Language and Meaning

The language of Cyclops depends very much on who is speaking. When it is an American, the language is clearly American. The nature of Americans is one of independence, and this is demonstrated throughout the story when individuals are given a task and often they do not obey. For example, when the moon colony is warned of a possible Russian invasion and that they should prepare for battle, the colonists are unwilling to shoot unarmed scientists. Then, when the danger becomes more clear and urgent, the President asks them to just give up the colony and avoid bloodshed. Again, the colonists ignore the request.

When the pilot of the space shuttle is bringing Gettysburg back to earth he realizes that they are off course. Even though the people he has been trained to trust implicitly tell him that everything is fine, he ignores their assurances. He thinks for himself, and decides to take control of the spacecraft. Because he is an independent thinker, the Russians did not get their hands on the treasure trove of information that the Gettysburg carries. Major Gus Hollyman is ordered to shoot down the Gettysburg to prevent the Russians from taking control of her and obtaining all the space age secrets of the United States. Because he doubts the validity of the order and wishes not to be remembered as the executioner of the Gettysburg, he delays shooting for a moment. That brief moment is long enough to save the lives of all the astronauts.

Americans are outspoken, sarcastic, optimistic, and independent thinkers. When the Russians are portrayed, their language is stiff, formal, and almost antiquated. They think what they are ordered to think, and expect the Americans to do the same. Comparing the two countries by comparing their people is an interesting exercise.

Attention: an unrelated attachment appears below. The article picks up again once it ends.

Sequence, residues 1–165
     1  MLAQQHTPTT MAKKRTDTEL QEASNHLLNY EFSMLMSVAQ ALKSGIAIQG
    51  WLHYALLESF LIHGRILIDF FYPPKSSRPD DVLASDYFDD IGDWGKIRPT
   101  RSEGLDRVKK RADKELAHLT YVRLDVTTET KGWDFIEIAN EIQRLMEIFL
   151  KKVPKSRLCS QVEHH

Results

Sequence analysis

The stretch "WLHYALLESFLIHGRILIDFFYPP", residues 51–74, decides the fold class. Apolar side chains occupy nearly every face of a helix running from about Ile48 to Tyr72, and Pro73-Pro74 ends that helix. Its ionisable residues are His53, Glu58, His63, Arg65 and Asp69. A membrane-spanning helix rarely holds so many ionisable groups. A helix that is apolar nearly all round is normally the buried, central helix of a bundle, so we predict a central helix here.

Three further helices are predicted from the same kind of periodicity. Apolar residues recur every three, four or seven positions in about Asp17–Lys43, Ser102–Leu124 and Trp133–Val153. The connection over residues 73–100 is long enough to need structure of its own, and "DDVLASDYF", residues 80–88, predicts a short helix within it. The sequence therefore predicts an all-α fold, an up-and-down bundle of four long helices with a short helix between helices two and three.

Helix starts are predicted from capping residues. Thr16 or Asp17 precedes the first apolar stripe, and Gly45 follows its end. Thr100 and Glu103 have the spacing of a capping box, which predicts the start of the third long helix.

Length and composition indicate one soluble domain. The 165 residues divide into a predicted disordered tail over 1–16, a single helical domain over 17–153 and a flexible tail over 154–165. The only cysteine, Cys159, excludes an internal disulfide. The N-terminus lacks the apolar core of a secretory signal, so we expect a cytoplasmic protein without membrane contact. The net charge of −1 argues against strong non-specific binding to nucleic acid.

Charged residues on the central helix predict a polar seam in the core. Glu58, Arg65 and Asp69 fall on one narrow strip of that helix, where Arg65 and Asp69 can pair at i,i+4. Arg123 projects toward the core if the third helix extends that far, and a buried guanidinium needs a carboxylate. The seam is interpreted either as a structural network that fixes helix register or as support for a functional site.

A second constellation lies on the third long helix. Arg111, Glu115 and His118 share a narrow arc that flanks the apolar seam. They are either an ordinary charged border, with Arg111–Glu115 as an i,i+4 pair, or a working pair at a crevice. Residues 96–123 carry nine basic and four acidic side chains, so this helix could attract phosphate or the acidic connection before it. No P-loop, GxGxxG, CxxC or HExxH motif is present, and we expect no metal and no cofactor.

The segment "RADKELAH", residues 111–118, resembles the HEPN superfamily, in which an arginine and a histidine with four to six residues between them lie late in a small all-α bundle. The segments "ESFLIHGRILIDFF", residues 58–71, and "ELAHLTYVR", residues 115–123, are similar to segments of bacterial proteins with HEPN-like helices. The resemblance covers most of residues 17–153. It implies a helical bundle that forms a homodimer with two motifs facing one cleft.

Structure

The novel, Cyclops, consists of eighty chapters and a prologue and is divided into five parts. Part I, The Prosperteer, deals with the blimp by that name owned by financier Raymond LeBaron. He evidently took off from the Florida Keys in order to locate the wreckage of the Cyclops, a Navy collier that sank off the coast of Cuba in 1918. Rumored to be aboard the Cyclops is one of the greatest treasures ever created by man, La Dorada, the golden woman. Raymond LeBaron and his crew disappear and the Prosperteer reappears with three dead men aboard who really are Russian Cosmonauts.

Part II deals with the Cyclops and the search for her. The search is really a cover for Jessie LeBaron to get close to Fidel Castro, but no one else on board the blimp is aware of this. When they are all captured on Cayo Santa Maria, they are tortured by General Velikov's orders because he suspects that Castro is in communication with the United States. Because no one but Jessie is aware of the truth of this, no one gives up any information.

Part III deals with Selenos 8, and the Russian desire to take control of the moon colony. They have found evidence that there are men on the moon, and because they believe that the colonists have shot down their cosmonauts, they believe that they are justified in going up to the moon armed for battle. Part IV handles all the portion of the story that is involved with the Gettysburg, the space shuttle that is to bring all of the lunar colonists home. Again, the Russians make a play to take control of the shuttle and everything on board by forcing the spacecraft to land in Cuba. Everything is taken down to the very last second, but the Gettysburg lands safely on American Soil. Part V is entitled the Amy Bigelow, one of the Rum and Cola Operations ships. She is loaded with 25,000 tons of fertilizer, enough to create a tremendous bomb. The Russians intend to use the Amy to start a series of explosions designed to devastate Havana, kill most of her people, assassinate Fidel and Raul Castro so that they can replace Castro's regime with one of a more Soviet friendly influence. Then Part VI handles the treasure that was part of the very beginning of the story. La Dorada is found, off the coast of Cuba, where the Maine sank, a ship whose sinking started the Spanish American War. The entire book has come full circle.

This section contains 1,613 words
(approx. 5 pages at 400 words per page)